COVID & Unemployment

Republicans weigh options for pandemic unemployment wage replacement

Jasmine Garsd Jul 24, 2020
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Senate Republicans have delayed introducing a COVID-19 relief bill. Stefani Reynolds/Getty Images
COVID & Unemployment

Republicans weigh options for pandemic unemployment wage replacement

Jasmine Garsd Jul 24, 2020
Heard on:
Senate Republicans have delayed introducing a COVID-19 relief bill. Stefani Reynolds/Getty Images
HTML EMBED:
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Republicans are still trying to come up with a plan to replace the pandemic unemployment benefits, which millions of Americans have been receiving. That $600 dollar a week benefit expires at the end of this month.

Treasury Secretary Steven Mnuchin said early Thursday that Republicans were talking about capping wage replacement at 70% of a worker’s prior pay. It’s not clear this will be the exact plan Republicans settle on, but what might it mean?

One of the arguments the Republicans have made is that $600 dollars a week is more than some people were earning, so they don’t have an incentive to go back to work.

For someone who used to earn minimum wage, 70% of their prior salary could be just a couple hundred dollars a week.

And, in the end, it’s too complicated for each state to figure out what 70% of everyone’s past wages would be, said economist Gary Burtless from the Brookings Institution.

“It is crazy to have waited this long,” Burtless said. “They should be planning on having something like six to eight weeks, at least, before states are going to be able to implement that in a uniform way.”

Instead, some expect Republicans to end up proposing a flat rate.

“I think the way they’re probably going to do this is just give everyone roughly $200 per week, flat, regardless of who they are,” said Ernie Tedeschi, an economist with Evercore.

Meanwhile, the clock is ticking on the current benefits expiring.

COVID-19 Economy FAQs

Millions of Americans are unemployed, but businesses say they are having trouble hiring. Why?

This economic crisis is unusual compared to traditional recessions, according to Daniel Zhao, senior economist with Glassdoor. “Many workers are still sitting out of the labor force because of health concerns or child care needs, and that makes it tough to find workers regardless of what you’re doing with wages or benefits,” Zhao said. “An extra dollar an hour isn’t going to make a cashier with preexisting conditions feel that it’s safe to return to work.” This can be seen in the restaurant industry: Some workers have quit or are reluctant to apply because of COVID-19 concerns, low pay, meager benefits and the stress that comes with a fast-paced, demanding job. Restaurants have been willing to offer signing bonuses and temporary wage increases. One McDonald’s is even paying people $50 just to interview.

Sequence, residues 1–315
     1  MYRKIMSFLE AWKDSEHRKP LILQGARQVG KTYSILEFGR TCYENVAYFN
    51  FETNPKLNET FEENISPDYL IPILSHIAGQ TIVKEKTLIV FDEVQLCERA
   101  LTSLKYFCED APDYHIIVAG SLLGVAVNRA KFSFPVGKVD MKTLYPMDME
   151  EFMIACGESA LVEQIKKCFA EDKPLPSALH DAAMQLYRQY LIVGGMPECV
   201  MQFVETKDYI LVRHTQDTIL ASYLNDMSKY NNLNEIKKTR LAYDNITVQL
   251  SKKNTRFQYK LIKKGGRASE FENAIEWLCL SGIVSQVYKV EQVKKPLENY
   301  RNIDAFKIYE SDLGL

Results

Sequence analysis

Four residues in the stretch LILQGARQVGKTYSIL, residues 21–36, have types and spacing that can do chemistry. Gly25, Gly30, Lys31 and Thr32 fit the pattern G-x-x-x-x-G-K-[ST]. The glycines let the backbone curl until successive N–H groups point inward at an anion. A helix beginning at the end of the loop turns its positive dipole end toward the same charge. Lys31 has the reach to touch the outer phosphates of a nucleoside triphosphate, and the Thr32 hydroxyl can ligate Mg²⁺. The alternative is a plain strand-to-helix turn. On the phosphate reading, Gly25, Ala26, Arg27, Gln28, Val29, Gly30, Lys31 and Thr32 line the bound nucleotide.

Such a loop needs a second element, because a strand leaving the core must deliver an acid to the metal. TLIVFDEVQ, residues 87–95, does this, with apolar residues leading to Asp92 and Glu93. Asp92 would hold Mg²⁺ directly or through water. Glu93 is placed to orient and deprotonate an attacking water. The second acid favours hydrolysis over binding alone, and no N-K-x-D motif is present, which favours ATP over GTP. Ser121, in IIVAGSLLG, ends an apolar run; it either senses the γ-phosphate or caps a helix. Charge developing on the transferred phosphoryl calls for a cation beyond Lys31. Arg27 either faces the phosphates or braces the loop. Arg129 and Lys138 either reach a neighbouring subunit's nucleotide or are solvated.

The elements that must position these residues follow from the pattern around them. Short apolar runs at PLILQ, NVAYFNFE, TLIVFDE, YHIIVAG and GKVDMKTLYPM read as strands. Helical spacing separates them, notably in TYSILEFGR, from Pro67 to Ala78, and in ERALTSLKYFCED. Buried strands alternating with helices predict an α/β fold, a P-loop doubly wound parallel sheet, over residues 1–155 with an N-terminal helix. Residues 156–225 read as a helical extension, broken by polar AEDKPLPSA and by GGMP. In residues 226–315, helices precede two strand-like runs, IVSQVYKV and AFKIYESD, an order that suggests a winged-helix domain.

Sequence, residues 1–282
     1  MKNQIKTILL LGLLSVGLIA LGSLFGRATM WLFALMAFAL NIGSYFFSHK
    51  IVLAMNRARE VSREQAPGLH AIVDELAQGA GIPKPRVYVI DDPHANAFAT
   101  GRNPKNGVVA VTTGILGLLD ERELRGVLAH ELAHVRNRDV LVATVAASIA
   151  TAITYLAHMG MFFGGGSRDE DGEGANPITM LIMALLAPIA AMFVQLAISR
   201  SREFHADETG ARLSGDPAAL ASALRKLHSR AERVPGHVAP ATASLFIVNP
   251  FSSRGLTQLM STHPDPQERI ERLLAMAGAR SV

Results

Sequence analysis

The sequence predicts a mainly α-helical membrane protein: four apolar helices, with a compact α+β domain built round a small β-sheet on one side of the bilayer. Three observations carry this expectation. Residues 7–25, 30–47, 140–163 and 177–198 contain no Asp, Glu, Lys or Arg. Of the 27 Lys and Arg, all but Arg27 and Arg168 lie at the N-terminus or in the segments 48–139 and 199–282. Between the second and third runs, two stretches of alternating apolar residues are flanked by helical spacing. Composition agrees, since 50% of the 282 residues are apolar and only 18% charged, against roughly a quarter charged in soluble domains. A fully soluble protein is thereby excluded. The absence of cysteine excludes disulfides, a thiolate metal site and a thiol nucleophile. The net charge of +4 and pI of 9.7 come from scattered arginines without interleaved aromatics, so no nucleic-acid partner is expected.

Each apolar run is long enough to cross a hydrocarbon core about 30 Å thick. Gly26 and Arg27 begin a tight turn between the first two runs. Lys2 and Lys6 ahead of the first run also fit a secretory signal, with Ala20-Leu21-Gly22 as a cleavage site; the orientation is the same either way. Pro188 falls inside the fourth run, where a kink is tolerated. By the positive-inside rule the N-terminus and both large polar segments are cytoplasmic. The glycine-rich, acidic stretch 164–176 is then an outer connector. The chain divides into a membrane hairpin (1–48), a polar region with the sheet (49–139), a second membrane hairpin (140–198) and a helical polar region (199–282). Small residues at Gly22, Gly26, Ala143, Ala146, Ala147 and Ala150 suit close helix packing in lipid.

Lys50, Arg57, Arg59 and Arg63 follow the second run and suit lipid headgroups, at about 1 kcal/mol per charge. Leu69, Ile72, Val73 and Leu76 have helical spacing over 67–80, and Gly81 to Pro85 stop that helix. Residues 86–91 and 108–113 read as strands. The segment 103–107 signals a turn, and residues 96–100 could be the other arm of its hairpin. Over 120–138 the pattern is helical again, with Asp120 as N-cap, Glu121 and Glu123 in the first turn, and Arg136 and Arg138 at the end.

Could waiving patents increase the global supply of COVID-19 vaccines?

India and South Africa have introduced a proposal to temporarily suspend patents on COVID-19 vaccines. Backers of the plan say it would increase the supply of vaccines around the world by allowing more countries to produce them. Skeptics say it’s not that simple. There’s now enough supply in the U.S that any adult who wants a shot should be able to get one soon. That reality is years away for most other countries. More than 100 countries have backed the proposal to temporarily waive COVID-19 vaccine patents. The U.S isn’t one of them, but the White House has said it’s considering the idea.

Can businesses deny you entry if you don’t have a vaccine passport?

As more Americans get vaccinated against COVID-19 and the economy continues reopening, some businesses are requiring proof of vaccination to enter their premises. The concept of a vaccine passport has raised ethical questions about data privacy and potential discrimination against the unvaccinated. However, legal experts say businesses have the right to deny entrance to those who can’t show proof.

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